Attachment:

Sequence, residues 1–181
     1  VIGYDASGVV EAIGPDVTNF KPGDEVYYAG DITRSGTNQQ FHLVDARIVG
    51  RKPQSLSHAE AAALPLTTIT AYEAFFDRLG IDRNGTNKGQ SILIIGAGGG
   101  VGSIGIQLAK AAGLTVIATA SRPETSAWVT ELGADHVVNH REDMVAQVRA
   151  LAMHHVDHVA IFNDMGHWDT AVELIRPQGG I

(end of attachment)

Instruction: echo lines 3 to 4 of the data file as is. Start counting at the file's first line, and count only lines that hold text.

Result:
    51  RKPQSLSHAE AAALPLTTIT AYEAFFDRLG IDRNGTNKGQ SILIIGAGGG
   101  VGSIGIQLAK AAGLTVIATA SRPETSAWVT ELGADHVVNH REDMVAQVRA